It’s no secret that air travel is one of the biggest carbon contributors of any long distance dive trip. But thankfully, according to a report by Travel Weekly, the airline industry is beginning to take action.
According to the report, Boeing, one of the world's leading air travel companies, has announced a goal to change all of its aircraft, including existing planes, to a 100% sustainable aviation fuel (SAF) by the year 2030. This move would significantly increase the airline industry's ability to control and reduce emissions.
Current regulations cap the legal amount of SAF used for flight at no more than 50% of a plane's total fuel. Rather than using an entirely sustainable alternative, SAF is instead currently required to be mixed with standard kerosene-based jet fuel. But when used on its own, SAF can deliver up to an 80% reduction in emissions on every flight!
Previously the airline industry pledged to reduce emissions by 50% between 2005 and 2050, but in the face of public pressure, some individual airlines are making even stronger commitments to change. SAF is currently seen as the fastest way for the industry to reach this goal, especially for medium-range and long-haul flights. Other sustainable alternatives, like battery power, may be employed for shorter journeys. Hydrogen power is also getting a lot of attention, but this potential power source is still awaiting further development.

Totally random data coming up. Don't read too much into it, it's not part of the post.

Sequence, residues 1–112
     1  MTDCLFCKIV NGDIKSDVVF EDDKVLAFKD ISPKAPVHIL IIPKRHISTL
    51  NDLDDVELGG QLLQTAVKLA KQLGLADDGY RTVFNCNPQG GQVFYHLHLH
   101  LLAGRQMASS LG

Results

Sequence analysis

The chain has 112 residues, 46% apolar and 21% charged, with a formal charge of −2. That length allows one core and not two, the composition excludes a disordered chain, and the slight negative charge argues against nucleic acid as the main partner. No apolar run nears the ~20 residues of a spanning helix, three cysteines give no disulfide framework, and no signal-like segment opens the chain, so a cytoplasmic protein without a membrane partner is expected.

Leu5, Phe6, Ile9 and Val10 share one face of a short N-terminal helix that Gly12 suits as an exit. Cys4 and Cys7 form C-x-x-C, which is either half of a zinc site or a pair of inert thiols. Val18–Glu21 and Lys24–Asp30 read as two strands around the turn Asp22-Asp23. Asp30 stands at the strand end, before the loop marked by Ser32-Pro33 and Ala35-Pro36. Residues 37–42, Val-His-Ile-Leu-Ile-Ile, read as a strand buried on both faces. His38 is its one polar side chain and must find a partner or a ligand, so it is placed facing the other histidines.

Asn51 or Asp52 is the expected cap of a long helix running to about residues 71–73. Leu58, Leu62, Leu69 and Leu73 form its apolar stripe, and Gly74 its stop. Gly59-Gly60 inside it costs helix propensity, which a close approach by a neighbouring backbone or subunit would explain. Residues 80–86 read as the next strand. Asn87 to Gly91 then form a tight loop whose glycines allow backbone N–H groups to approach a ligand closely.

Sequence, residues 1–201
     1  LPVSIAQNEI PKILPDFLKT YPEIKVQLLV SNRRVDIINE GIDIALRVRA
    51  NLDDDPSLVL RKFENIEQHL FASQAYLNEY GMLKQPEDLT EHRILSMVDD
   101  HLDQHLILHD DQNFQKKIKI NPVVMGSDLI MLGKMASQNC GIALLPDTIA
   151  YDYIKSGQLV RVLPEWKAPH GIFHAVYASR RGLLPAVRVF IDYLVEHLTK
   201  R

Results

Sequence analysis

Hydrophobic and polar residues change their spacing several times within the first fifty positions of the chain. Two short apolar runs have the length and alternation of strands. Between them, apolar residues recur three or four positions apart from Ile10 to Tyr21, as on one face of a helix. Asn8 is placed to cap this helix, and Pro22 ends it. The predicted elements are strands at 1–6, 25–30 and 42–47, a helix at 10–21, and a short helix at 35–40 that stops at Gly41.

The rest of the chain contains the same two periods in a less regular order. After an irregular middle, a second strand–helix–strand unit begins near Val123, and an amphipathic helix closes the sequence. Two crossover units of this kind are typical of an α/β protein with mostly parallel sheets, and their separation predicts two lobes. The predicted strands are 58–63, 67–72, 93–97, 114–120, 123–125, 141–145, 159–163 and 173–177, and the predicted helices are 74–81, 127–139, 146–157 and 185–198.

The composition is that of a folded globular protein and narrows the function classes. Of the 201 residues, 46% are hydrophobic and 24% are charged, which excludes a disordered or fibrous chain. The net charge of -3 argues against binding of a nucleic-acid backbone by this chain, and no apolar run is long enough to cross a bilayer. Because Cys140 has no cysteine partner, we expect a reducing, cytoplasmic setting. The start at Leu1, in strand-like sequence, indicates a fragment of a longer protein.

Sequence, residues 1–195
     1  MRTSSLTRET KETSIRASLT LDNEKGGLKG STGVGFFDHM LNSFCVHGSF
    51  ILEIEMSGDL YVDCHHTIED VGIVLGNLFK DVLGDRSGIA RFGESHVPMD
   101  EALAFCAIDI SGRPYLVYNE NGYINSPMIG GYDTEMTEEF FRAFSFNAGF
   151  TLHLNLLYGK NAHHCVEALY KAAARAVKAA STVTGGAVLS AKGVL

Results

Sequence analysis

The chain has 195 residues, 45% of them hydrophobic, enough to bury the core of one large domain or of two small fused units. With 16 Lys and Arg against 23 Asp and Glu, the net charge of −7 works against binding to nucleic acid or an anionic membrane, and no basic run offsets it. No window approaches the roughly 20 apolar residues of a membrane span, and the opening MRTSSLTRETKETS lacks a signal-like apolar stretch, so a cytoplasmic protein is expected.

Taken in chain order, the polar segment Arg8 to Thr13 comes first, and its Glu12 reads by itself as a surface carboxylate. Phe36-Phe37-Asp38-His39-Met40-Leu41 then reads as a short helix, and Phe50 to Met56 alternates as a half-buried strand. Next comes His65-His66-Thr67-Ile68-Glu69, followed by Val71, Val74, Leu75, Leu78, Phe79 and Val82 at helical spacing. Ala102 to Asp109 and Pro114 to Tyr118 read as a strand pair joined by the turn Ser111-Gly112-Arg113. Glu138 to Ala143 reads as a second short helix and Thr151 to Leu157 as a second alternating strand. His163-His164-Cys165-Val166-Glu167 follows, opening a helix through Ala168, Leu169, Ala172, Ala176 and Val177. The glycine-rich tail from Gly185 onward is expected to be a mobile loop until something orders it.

IATA estimates that the production of SAF is currently 13 million gallons annually. This accounts for just a tiny fraction of the approximately 80 billion gallons per year of fuel that global airlines were using before the Covid-19 pandemic. And, when you consider the fact that SAF is primarily produced using various feedstocks including animal fats, vegetable oils, forestry residue, and garbage - it's easy to see how its production could reduce our planet's problem with waste, as well.
While SAF can already be used to power aeroplanes, a few key characteristics can lead to engine problems if used unblended. For example, some forms of SAF could cause engine tank seals to shrink, leading to fuel leakage. Workarounds such as using different seals or blending multiple types of SAF will become absolutely essential as the industry moves closer to its goal of creating approved forms of SAF - usable in both existing and future aircraft.